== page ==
If you’re not sure how to convince your business to pay for the implementation of legal tech, we’re here to help you create a business case that will pique the interest of your CFO.
Building a solid business case for legal tech requires communicating the value and return on investment for the business. While this will differ for individual legal departments, there are four universal measures that apply to every legal department and their organization.
Time savings and increased efficiency
Modern matter management systems harness automation and templates to speed up contract creation and low-value, high-frequency work. Evidence from comparing processes shows that without automation, legal teams are spending 3x as much time creating a matter, 10x more time creating a report, and 2x as much time searching for information.
One of our clients formed a new in-house legal team a few years ago. With an annual operating budget of $237 million in 2017 and a workforce of over 800 people, the in-house team faced a large diversity of legal work, tight deadlines, and a high volume of requests for advice. Their General Counsel felt the team was spending too much time triaging files, and they needed something that would allow them to focus on the actual tasks instead of the admin required to get a file underway.
The client implemented a single platform to assist with legal workflow and matter management, the intention being to provide the team with more visibility and leading to greater efficiency. Upon implementing technology to streamline their processes they reported that they were immediately aware of the advantages of having all moving parts working together and could clearly demonstrate at least one hour saved per legal team member per week.
Accurate data governance and discipline around processes allow the team to be more efficient. By implementing technology, a 10-person legal department tells us they can demonstrate a conservative 10 percent efficiency gain across the entire legal team, which adds up significantly when you work out your colleagues' hourly rate.
McKinsey reports that employees spend 1.8 hours every day searching and gathering information. In a platform which contains your matters, contracts and documents, a search shouldn't take more than 5-10 seconds to find the document you are looking for.
Lawyers are in the business of risk management, especially in-house lawyers who act as the watchdog for their organization. Therefore, an important part of your business case to implement legal tech is highlighting the elevated risk management practices that legal workspaces enable.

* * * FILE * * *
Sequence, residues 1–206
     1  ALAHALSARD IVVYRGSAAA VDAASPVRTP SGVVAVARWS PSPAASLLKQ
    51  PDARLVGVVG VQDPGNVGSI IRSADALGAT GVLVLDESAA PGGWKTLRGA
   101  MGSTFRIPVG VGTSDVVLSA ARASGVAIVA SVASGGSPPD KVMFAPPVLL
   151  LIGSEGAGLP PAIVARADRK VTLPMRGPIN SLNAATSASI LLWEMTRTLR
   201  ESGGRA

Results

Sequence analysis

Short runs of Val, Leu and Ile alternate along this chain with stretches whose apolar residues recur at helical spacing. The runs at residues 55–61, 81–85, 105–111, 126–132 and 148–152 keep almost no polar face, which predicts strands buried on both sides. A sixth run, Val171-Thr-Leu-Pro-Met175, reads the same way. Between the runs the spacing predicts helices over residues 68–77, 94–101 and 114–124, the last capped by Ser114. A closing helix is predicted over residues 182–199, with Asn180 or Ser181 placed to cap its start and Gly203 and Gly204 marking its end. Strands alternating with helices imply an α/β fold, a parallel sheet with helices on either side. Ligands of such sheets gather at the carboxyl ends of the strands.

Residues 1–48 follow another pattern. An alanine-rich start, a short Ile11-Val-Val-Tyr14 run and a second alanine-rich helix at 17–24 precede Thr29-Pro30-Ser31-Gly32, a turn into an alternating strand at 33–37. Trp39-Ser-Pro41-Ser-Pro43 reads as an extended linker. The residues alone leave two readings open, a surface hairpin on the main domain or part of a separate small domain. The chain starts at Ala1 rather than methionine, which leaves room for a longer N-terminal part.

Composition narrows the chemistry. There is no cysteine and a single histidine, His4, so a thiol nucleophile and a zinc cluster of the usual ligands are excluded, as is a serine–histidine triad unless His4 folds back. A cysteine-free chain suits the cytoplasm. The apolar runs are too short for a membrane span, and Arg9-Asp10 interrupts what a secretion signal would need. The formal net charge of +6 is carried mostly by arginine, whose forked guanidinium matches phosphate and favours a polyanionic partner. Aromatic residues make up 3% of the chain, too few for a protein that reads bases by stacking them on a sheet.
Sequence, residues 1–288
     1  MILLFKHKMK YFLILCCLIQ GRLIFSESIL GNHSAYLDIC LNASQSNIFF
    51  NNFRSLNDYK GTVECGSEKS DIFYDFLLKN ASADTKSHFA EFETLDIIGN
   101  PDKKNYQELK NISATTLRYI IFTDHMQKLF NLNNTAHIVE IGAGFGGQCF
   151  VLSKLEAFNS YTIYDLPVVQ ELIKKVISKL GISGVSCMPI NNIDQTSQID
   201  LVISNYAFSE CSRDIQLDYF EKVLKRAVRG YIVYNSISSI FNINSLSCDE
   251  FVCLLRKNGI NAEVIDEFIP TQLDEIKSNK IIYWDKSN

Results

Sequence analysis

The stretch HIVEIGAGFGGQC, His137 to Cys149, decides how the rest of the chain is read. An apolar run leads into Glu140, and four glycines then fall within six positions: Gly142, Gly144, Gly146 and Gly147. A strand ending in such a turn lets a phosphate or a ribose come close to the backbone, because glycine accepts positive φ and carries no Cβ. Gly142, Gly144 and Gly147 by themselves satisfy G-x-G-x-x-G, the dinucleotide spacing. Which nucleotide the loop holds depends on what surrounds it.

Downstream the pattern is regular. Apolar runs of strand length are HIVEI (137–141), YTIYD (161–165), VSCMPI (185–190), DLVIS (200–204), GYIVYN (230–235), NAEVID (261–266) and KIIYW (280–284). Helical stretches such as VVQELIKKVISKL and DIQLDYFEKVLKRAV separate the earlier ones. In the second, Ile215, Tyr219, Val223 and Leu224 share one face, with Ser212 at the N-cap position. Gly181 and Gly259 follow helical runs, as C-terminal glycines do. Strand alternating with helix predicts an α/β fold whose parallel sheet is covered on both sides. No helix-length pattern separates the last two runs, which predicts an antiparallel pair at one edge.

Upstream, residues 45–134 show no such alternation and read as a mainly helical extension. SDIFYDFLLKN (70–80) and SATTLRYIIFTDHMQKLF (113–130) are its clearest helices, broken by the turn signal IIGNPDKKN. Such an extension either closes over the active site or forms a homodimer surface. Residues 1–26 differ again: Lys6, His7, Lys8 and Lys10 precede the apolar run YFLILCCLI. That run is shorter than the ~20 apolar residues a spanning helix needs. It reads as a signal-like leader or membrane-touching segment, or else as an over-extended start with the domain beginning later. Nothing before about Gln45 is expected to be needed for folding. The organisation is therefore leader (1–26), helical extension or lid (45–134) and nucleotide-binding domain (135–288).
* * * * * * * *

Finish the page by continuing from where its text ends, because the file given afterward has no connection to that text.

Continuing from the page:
A legal workspace handles all legal matters, requests, issues, and contracts that pass through legal’s hands, giving you centralized, captured data. Aside from ensuring that key dates are never missed, legal workspaces will also assist you to manage all of your obligations, undertakings, and project management.
Without visibility and data, the ability to proactively manage any associated risk becomes exponentially harder, if even possible, and the resulting consequences can be both detrimental and irreversible. If the “who”, “what”, “when”, “where”, and “why” of a litigated matter is stored across email inboxes, shared drives, and excel spreadsheets, staying on top of this data is arduous and easily mismanaged. Establishing a system of record for all matters eliminates risk by centralizing all data and your team gains insights, efficiency and security in having a one-stop-shop for all things legal.
Metrics and data-driven decisions
Data has multifaceted benefits for a legal department and organization. When looking at legal through the lens of predictive (or prescriptive) analytics maturity, in-house legal departments are generally working from a place of hindsight. That is, looking back at what has previously happened. It’s the same place other departments were decades ago.
We describe a metrics journey as moving through the stages of hindsight, through to insights, foresight, and eventually to the optimum stage of amplified intelligence and automation. This is where your data can not only see the future but be focused to proactively contribute to the important strategic decisions being made within your organization.
To create a convincing business case for legal tech, one should propose how the use of metrics can improve the legal team in line with the business’s strategic goals. For instance, data can be used for legal work prioritization, reducing external legal spend, risk management, automating and streamlining manual processes; and even freeing up your legal team to work more flexibly which can enhance their wellbeing.
What ties these four selling points together is that legal tech creates ROI for both the legal team and the business itself. Document generation significantly reduces time otherwise spent manually doing these tasks, a central place for all data reduces time spent searching for information, and an online workspace allows for real-time collaboration. Sharing the ROI that tech will bring to your legal department is speaking your CFO’s language.